The Top Trends from April Market
By: Jessica Bradford
Twice a year High Point, North Carolina hoststhe largest home furnishings trade show in the world. For six days hotels, rental cars, flights, and restaurants are booked beyond capacity as designers and other industry professionals fight for a chance to see new introductions from over 2,000 exhibitors. The weather for this year’s High Point Furniture Market may have been grey and dreary, but the new design trends kept it hot!
– Wood, Exposed
From Macassar ebony to mahogany, show casing the beauty and variation in natural wood graining was hot this market. But, by far, the show stopper was burl. Showcased on case goods, mirrors, and accessories, we saw burl reinvented in rich, dark java and warm grey. Wood also took center stage on upholstered pieces, in the form of exposed frames and banding, which can help a piece be beautiful in 360 views.
– Carve Your Niche and Accent Your Inlays
In addition to heavy wood graining, we saw a resurgence of intricate marquetry and carvings, creating beautiful relief on otherwise simple pieces. Mother-of-pearl inlays are ever popular, defining table tops and accenting accessories. Carved details range from classic fluting to stipple patterns and were featured on creamy painted tones, contrasting with rich dark woods.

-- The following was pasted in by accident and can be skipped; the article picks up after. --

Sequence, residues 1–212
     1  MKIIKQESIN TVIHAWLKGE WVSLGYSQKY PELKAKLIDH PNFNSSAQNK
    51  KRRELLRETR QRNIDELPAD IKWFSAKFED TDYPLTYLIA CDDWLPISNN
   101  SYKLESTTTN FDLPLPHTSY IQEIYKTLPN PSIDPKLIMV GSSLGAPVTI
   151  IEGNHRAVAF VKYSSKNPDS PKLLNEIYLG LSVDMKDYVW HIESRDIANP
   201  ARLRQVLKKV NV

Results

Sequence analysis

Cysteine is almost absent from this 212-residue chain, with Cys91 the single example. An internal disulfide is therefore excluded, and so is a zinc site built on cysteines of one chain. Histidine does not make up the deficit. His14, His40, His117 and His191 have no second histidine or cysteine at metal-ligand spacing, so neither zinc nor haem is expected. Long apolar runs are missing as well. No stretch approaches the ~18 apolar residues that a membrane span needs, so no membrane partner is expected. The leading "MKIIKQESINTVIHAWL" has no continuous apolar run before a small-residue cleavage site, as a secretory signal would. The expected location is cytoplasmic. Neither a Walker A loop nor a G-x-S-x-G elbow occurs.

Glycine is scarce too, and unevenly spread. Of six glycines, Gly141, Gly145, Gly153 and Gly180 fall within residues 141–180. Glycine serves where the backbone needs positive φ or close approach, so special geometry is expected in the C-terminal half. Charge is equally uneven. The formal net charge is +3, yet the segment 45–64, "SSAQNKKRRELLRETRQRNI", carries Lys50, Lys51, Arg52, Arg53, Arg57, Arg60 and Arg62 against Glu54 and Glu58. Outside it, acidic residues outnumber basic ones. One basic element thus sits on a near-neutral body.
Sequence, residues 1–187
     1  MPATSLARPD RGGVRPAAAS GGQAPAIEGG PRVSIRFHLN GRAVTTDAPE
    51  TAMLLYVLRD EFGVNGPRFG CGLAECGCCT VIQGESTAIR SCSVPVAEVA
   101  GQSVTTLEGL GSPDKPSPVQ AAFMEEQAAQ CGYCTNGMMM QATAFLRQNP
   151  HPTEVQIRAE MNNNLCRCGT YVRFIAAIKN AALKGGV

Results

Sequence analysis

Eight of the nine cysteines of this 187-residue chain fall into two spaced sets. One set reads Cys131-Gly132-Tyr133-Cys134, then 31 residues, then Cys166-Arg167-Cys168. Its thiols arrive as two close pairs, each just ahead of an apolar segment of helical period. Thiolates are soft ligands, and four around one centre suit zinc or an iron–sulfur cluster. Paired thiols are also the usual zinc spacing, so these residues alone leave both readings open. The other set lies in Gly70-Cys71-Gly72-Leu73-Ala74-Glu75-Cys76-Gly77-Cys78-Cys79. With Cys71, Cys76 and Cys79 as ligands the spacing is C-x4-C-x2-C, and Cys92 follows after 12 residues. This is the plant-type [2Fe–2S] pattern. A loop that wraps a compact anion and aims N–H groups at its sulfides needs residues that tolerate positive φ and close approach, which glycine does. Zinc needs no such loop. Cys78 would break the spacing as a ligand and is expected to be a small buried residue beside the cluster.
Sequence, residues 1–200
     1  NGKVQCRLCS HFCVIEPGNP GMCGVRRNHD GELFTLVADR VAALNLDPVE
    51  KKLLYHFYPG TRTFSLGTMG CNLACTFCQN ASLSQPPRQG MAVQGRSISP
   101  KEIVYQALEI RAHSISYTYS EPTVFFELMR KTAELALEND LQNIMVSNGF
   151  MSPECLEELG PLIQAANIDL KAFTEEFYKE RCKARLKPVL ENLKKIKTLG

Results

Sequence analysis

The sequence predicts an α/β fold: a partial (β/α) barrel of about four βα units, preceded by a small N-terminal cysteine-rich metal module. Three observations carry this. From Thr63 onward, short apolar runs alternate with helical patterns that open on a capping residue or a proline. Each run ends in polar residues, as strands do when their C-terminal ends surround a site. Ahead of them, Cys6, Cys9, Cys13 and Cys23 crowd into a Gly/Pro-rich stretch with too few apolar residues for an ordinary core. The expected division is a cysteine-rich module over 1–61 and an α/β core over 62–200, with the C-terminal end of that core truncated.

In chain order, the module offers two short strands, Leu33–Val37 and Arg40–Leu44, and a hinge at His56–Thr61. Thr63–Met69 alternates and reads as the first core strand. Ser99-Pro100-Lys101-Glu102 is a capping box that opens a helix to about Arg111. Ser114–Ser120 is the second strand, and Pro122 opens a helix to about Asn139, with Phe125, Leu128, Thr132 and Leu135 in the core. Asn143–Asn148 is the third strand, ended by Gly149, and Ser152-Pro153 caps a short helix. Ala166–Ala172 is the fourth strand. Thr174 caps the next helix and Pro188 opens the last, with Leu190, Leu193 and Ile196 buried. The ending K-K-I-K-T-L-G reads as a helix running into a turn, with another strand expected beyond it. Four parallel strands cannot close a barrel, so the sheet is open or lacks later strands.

Bronze, pewter, gold, silver, champagne and any combinations there of were prevalent through-out furniture, accessory, lighting, and fabric introductions. Although metals have been popular for the past few years, we are now seeing metals combined with each other, adding a whole new dimension.
– Spot on Spot Tables
Who doesn’t love a great spot table – they are so small, but can have such a big impact. Spot tables are an excellent way to bring in a bold color, pattern, or shape in a subtle, yet important way. From the classy martini table to the rustic log table, everyone has a spot for a spot table.
– Creature Comforts
Horses and jellyfish and birds, oh my! Wildlife is back, and not just in animal print! Bronze sculptures, lamps and artwork are all featuring animals, putting nature at the forefront. Natural elements, like hair-on-hide and abalone shells take the motif a step further and create a dichotomy with their otherwise transitional backgrounds.